What’s the Deal with Barefoot Shoes?

You might not think much about how your shoes are impacting the condition of your feet unless you’ve experienced problems with your feet. Obviously it’s pretty well known that shoes such as high heels aren’t good for your foot health long term, but have you ever thought about your tennis shoes? Here’s my opinion of why barefoot shoes might be a better option!

First, I suggest avoiding shoes with a narrow toe box that smash your toes together. Your toes are there to provide balance and support for your feet, and support our body weight and propulsion during the gait cycle. Not only do your toes help thrust your body forward when you walk, they actually help increase the length of your stride allowing you to run faster. So if you are wearing shoes that are smashing your toes together, it doesn’t allow them to naturally provide that support as well as they would if they were permitted to remain in a more natural position. And by the way, long term use of narrow toe box shoes can cause your toes to slowly point inward towards the center, even when you don’t have your shoes on, making it even harder to walk around barefoot. 

What about shoes that advertise arch support? Well, I like to think about modern day shoes with a big heel elevation and arch support as more of a supportive crutch than a long-term fix. Think of it like this: when someone breaks their leg they need crutches to allow healing. Then, when their leg has enough strength, they want to ease off of the crutches and slowly increase activity. If they just continued to use their crutches their leg would become very weak and fragile from lack of use. Similarly, wearing supportive shoes can help relieve foot pain in some cases but the goal should be to transition out of them and into barefoot shoes. If your arch is always held up the muscles don’t have to work to support it.

To all of my flat-footed friends: I know that wearing supportive shoes can help relieve foot pain in some cases, but ultimately does not solve the root of the problem. If your arch is always held up by footwear, the muscles don’t have to work to support it. But when you don’t have that support the muscles of your foot have to work harder to create that arch, which can help them get stronger over time. So my recommendation is to wear barefoot shoes, maybe just when working out at first, and then a few hours a day, and then every other day, and eventually every day, to allow them to get stronger without overdoing it and running into achy feet. Keep in mind that if your flat feet are bad enough that wearing barefoot shoes even for a short period of time causes pain, then you may also need some corrective foot exercise like towel scrunches where you squeeze a towel under your bare foot working the muscles of the arch!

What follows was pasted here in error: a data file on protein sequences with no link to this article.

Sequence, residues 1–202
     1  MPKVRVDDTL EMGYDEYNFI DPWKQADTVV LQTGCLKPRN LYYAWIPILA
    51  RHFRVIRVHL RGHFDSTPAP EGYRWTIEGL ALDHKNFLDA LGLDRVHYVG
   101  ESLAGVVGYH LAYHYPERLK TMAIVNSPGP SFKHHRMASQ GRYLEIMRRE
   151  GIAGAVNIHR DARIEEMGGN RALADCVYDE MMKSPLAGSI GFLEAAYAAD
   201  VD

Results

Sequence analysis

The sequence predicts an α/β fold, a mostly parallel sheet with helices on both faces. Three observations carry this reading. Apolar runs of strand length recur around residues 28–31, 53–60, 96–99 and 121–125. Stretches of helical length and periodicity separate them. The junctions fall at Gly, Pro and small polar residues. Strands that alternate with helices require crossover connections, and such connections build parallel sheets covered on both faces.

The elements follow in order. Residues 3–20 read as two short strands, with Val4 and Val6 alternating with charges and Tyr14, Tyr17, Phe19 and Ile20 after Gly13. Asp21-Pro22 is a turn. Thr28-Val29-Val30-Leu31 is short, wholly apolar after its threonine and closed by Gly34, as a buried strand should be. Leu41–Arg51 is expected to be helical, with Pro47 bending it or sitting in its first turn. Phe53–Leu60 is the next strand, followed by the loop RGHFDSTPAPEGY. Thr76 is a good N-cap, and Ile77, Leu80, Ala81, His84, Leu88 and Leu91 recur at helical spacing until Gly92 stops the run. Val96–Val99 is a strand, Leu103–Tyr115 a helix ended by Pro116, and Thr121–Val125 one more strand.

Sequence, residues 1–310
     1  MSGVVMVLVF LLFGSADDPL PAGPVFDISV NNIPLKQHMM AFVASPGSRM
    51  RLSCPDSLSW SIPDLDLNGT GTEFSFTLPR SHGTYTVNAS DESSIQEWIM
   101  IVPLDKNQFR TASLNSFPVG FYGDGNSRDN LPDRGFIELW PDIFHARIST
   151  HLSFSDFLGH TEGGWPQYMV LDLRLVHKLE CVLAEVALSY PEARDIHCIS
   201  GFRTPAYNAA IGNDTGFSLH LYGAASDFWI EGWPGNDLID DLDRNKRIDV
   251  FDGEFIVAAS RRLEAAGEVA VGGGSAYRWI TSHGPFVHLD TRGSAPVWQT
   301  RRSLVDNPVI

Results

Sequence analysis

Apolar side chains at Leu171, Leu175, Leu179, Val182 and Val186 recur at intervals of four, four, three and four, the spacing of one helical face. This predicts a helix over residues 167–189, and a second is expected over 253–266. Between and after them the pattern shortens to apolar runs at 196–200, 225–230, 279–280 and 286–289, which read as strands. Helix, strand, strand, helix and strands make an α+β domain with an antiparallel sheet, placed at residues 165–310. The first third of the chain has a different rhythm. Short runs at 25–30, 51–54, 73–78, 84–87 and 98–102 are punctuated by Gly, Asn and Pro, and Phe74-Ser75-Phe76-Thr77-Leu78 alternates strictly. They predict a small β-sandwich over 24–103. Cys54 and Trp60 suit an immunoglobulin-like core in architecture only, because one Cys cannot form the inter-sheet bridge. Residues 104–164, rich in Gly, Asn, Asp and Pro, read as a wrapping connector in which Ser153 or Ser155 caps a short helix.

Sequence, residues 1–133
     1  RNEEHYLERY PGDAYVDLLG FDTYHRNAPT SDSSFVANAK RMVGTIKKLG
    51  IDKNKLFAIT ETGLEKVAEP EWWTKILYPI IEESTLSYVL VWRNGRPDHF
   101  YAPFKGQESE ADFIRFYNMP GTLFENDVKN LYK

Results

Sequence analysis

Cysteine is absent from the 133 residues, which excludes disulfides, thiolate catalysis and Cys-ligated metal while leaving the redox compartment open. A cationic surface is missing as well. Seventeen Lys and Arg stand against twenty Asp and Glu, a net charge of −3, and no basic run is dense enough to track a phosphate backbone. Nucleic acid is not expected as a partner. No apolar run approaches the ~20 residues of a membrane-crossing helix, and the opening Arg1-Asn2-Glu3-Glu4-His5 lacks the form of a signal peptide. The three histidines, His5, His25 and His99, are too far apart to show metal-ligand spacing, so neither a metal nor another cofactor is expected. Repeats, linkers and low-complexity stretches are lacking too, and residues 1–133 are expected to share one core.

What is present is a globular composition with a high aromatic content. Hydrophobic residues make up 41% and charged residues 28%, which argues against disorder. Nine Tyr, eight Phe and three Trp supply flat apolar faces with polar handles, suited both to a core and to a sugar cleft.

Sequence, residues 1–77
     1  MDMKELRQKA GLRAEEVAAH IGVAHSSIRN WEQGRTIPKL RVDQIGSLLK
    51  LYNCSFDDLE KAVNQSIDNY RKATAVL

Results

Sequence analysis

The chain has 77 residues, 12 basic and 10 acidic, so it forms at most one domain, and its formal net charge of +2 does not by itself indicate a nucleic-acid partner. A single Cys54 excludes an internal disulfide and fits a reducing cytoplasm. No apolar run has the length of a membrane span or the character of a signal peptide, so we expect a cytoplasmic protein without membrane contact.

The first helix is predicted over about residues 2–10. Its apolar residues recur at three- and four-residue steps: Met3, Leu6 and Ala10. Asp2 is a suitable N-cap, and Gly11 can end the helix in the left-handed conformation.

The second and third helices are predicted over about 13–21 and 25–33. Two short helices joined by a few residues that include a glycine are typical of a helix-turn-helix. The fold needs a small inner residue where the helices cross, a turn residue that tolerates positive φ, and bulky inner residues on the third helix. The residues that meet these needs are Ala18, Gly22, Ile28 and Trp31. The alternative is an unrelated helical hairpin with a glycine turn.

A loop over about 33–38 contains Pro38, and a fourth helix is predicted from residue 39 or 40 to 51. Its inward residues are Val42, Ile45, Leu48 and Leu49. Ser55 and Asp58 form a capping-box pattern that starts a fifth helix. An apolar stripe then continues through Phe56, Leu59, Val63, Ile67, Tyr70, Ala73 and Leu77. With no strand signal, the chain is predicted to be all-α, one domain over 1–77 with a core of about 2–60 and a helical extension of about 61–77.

What about high arches? I think with regards to high arches, which are less common, that it’s important to still build foot strength. You may genetically have high arches but as long as barefoot shoes don’t bring about any pain it will help them build more functional and strong arches overtime! 

At the end of the day, regardless of whether you fully transition into barefoot shoes, it’s important to be mindful of what you wear on your feet. Choosing daily footwear that doesn’t have a high heel or a narrow toe box is a great start! Doing arch and foot strengthening exercises is always a good idea, regardless of your chosen footwear. But in my opinion, barefoot shoes are a great way to go for most people! I would love to discuss transitioning from modern-day shoes to barefoot shoes, and if you need recommendations for exercises that can strengthen your feet and reduce foot pain, I’m happy to help with that as well! 

  • Ryleigh Strubler